We have sharks, and while I appreciate the drama an apex predator brings to the table, I was both grateful and impressed that the producers chose not to overplay the shark fatality just prior to finals day at the 2020 Honolua Bay Maui Pro. The death was instead presented, correctly, as a trigger for the WSL’s quick and bold decision to move the event to Pipeline, where the women competed for the first time.
We have this quote from the lovably manic defending world champ Ítalo Ferreira: “The more waves I catch, the more waves I break.”
And pro surfing still, 35 years after the WCT’s kitchen table beginnings, retains a DIY element, which it turns out can be played to an advantage. There is a scene in second episode of Make or Break where Gabe Medina admits that he did not want to travel to Australia last year (“people close to me, they made me go”), and because the trip is last-minute, and because these are pro surfers and not Formula One drivers, two-time world champ Medina picks up the phone and calls three-time world champ Mick Fanning to ask if Mick will coach him through the Aussie leg. Mick says no but kicks the job over his pal Andy King.
And just like that Medina and King are a unit.
An agreement must have been signed at some point, but otherwise, as far as I can tell, there were no managers, agents, or corpos of any kind involved. Just a few phone calls and text messages between Gabe, Mick, and Andy.
Did it work? Gabe got two wins and a runner-up in Australia, moved into the ratings’ lead and never looked back. (World-title-wise, that is. The personal and professional hurricane Gabe walked into shortly thereafter will be, along with Kelly Slater’s 2022 Pipe win, the main storyline of Make or Break’s Season Two.)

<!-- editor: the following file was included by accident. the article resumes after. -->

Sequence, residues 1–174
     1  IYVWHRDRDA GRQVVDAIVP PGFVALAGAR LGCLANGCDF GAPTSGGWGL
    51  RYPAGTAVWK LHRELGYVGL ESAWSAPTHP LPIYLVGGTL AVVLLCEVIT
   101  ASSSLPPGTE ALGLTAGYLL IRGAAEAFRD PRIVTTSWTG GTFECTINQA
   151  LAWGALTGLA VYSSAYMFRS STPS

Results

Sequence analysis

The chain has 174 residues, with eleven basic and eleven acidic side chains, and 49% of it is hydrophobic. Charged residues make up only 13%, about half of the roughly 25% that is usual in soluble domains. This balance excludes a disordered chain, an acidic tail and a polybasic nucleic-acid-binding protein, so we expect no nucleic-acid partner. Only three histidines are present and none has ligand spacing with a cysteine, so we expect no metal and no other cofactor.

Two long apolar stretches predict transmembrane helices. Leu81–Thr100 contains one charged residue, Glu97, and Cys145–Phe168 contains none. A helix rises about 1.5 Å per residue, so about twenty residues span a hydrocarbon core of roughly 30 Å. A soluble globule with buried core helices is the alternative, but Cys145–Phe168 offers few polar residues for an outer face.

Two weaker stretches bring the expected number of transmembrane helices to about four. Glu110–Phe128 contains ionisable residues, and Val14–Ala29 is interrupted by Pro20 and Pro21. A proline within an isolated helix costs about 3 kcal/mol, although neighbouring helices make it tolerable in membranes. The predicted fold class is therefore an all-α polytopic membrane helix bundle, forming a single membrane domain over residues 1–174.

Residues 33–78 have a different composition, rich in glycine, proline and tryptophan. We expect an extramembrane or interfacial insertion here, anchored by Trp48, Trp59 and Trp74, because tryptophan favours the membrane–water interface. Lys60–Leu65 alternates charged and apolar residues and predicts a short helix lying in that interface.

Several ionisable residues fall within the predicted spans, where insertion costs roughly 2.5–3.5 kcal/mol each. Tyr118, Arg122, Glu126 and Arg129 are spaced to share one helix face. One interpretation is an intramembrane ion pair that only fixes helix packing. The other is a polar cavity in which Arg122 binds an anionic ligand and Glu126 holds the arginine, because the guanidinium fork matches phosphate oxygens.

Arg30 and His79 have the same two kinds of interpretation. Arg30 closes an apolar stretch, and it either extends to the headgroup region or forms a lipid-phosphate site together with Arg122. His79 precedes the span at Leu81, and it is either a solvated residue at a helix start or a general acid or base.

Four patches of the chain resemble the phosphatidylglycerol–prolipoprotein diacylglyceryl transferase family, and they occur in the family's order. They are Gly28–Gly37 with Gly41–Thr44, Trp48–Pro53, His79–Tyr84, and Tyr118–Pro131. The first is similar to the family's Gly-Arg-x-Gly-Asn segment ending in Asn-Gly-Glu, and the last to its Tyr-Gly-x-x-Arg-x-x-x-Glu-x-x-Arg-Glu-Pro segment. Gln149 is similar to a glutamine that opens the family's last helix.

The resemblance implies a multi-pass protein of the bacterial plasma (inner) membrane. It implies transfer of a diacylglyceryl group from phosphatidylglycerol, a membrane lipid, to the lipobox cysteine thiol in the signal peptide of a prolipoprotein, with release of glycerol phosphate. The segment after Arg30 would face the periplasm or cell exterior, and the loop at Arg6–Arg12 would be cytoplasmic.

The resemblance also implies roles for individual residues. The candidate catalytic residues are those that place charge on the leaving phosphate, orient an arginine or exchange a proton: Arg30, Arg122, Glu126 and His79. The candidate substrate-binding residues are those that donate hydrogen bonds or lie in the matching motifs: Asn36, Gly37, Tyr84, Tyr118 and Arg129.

Oddly, surfing itself—the editing and pacing, not the wave-riding itself—is the weakest part of Make or Break. It’s an easy fix (show full rides), and I’m guessing the producers will figure it out as the show progresses.
If they don’t, I’ll watch every episode anyway.
I cannot sign off without gently putting the boot to the WSL. There is a real absurdity in the fact that the show within the show (Make or Break) is 100-times better than the actual show itself (WSL’s presentation of competitive surfing).
More than an absurdity, in fact, this may be a fatal deficit on WSL’s part. But it just occurred to me that the WSL cratering midyear in 2023 would guarantee a fantastic third season for Make or Break.
(You like this? Matt Warshaw delivers a surf essay every Sunday, PST. All of ’em a pleasure to read. Maybe time to subscribe to Warshaw’s Encyclopedia of Surfing, yeah? Three bucks a month.)